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This book is the fourth volume in the European Environmental Law Forum (EELF) book series. The Fourth EELF Conference dedicated to Procedural Environmental Rights of the public was organised in Wroclaw from 14 to 16 September 2016 by the Faculty of Law of the University of Wroclaw in co-operation with the Environmental Law Center, Wroclaw, the law firm Jendroska Jerzmanski Bar & Partners and the Faculty of Law of the University of Opole. 'Procedural Environmental Rights: Principle X in Theory and Practice' is not a random collection of papers presented at the conference but rather a monograph presenting in a structured manner some of the topical issues related to this subject. It provides an overview of various aspects of the current status, development and practice of rights of access to information, public participation in decision-making and access to justice in environmental matters following their codification as non-binding principles in Principle X of the Rio Declaration. The book goes far beyond presenting merely the issues related to environmental procedural rights in Europe - it brings together the expertise of worldwide legal scholars, representing a wide range of legal cultures, to discuss the adoption and implementation of procedural environmental rights in different jurisdictions and under various legal instruments. Furthermore, it provides insight into the various aspects of procedural environmental rights ranging from theoretical issues of global application to practical problems at local level.
The importance of procedural environmental rights is currently widely recognised. They serve not only as a guarantee of the right to environment and a tool to increase participatory democracy and active involvement of the public in environmental protection but also as an effective instrument of monitoring compliance with – and enforcement of – environmental law. Following recognition of their importance, procedural environmental rights have increasingly been acknowledged in legal frameworks at the national, supranational and international level. The first comprehensive approach to procedural environmental rights at the international level was undertaken when access to information, public participation in decision making and access to justice in environmental matters were codified in Principle X of the Rio Declaration. Although the Rio Declaration belongs to the instruments of so called ‘soft law’ (i.e. having not binding legal nature but only a form of recommendations or political declarations) Principle X is commonly considered to be significant as a clear global expression of the developing concepts of the role of the public in relation to the environment. It was soon after its adoption acknowledged as an international benchmark against which the compatibility of national standards could be compared and as a forecast of the creation of new procedural rights which could be granted to individuals through international law and exercised at the national and possibly international level.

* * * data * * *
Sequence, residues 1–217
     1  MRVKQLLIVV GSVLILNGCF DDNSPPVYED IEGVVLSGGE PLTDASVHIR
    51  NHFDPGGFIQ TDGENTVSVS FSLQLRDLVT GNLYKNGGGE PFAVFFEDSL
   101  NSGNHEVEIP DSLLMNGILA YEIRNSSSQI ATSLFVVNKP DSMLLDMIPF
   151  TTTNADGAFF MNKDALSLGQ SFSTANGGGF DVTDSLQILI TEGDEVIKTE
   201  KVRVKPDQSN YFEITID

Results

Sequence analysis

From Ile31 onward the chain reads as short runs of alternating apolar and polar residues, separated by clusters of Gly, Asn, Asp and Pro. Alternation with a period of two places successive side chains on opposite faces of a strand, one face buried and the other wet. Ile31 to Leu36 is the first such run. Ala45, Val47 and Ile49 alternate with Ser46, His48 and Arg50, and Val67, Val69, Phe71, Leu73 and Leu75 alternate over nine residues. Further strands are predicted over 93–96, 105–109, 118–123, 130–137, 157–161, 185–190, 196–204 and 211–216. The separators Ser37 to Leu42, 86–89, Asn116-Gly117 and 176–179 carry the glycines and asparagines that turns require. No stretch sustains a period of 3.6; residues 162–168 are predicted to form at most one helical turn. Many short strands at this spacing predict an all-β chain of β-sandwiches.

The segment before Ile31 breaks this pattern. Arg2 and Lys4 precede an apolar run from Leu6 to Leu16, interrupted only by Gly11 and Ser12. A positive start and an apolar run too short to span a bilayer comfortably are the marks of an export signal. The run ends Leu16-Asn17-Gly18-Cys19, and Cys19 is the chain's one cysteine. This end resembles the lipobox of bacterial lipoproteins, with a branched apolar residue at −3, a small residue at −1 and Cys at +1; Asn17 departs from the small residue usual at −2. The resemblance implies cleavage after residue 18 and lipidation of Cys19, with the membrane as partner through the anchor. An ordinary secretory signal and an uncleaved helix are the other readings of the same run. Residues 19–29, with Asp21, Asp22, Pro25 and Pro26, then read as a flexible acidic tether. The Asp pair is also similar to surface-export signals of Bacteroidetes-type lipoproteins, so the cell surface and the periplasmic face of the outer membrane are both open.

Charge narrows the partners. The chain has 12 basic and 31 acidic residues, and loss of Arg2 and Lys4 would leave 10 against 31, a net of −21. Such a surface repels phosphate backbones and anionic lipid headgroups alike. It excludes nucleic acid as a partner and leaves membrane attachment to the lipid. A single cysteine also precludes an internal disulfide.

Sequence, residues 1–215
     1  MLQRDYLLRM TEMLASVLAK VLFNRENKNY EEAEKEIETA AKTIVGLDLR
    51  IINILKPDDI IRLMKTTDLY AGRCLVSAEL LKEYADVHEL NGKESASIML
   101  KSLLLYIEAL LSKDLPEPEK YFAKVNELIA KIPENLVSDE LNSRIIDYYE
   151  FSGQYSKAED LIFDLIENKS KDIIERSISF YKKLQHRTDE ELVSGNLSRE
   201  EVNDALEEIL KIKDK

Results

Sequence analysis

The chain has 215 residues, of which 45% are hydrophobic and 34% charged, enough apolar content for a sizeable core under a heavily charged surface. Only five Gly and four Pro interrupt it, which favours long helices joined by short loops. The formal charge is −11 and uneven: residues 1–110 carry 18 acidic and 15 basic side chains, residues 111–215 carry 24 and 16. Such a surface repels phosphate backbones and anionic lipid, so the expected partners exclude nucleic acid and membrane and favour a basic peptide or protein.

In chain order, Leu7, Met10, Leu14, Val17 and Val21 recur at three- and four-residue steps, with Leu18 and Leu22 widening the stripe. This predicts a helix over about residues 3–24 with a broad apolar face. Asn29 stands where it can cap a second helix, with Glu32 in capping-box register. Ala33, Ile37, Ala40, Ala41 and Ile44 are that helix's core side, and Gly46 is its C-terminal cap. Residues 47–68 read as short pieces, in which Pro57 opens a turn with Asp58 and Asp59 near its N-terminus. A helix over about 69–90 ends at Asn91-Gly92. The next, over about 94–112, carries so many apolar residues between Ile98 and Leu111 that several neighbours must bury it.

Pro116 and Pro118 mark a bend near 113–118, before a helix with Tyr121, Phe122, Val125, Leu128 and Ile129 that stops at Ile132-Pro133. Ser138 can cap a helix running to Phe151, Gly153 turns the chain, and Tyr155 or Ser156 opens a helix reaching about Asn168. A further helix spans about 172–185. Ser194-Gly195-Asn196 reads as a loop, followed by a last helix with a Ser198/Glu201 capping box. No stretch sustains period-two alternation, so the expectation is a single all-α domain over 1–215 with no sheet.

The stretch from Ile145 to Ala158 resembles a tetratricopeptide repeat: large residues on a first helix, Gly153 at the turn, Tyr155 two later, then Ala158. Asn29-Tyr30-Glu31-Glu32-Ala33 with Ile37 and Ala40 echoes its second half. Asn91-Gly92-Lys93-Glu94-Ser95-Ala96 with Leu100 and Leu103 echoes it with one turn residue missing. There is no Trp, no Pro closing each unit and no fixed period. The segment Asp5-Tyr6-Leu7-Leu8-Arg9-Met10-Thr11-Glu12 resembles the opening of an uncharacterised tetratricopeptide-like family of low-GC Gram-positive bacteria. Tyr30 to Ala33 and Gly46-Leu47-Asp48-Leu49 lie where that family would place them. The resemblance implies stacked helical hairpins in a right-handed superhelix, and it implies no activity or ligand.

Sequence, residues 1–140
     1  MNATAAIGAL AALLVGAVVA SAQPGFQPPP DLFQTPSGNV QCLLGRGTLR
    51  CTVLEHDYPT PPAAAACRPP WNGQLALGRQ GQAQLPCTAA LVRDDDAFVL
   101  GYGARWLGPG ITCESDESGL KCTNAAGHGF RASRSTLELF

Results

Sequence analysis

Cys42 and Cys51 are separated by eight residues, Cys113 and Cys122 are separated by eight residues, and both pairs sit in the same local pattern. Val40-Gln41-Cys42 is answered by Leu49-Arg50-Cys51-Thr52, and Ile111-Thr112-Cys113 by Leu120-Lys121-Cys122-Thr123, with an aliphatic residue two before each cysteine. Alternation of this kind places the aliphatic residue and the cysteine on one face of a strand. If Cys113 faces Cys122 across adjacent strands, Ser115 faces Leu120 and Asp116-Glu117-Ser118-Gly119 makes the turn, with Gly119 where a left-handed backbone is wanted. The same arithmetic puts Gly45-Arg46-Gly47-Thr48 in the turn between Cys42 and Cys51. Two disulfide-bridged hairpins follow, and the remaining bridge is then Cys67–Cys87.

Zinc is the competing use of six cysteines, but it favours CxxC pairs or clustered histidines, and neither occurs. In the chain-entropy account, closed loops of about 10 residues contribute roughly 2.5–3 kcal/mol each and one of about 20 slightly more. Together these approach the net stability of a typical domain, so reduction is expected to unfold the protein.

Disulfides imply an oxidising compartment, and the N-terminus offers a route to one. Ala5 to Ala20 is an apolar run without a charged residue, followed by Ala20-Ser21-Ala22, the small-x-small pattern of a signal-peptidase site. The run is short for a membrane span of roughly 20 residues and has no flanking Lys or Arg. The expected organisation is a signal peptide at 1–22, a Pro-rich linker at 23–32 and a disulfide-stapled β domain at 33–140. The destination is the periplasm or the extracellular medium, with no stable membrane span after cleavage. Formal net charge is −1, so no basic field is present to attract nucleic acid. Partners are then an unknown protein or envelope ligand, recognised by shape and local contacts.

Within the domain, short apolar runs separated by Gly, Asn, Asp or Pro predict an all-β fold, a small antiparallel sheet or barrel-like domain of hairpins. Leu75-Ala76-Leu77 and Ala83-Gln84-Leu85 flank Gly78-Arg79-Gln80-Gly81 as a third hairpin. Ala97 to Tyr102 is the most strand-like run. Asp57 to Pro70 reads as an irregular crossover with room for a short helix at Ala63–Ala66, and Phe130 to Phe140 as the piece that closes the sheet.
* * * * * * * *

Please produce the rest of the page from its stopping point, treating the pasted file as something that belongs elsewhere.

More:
The binding international standard in relation to procedural environmental rights was set with the adoption in 1998 in the Danish city of Aarhus of the UNECE Convention on access to information, public participation in decision making and access to justice in environmental matters (Aarhus Convention). Since then a number of legal instruments regulating procedural environmental rights have been developed or are in the process of development at the national, supranational (regional) and international level.
The role of the Aarhus Convention for the development of procedural environmental rights is well acknowledged in the academic literature, It is described as “the first multinational environmental agreement that focuses exclusively on obligations of the nations to their citizens and nongovernmental organizations”, and the first binding international instrument attempting to comprehensively and exclusively address issues of citizens’ environmental rights. Furthermore, it is considered to be a “driving force for environmental democracy” in Europe, and “at the forefront” of developing the legal framework in this respect worldwide.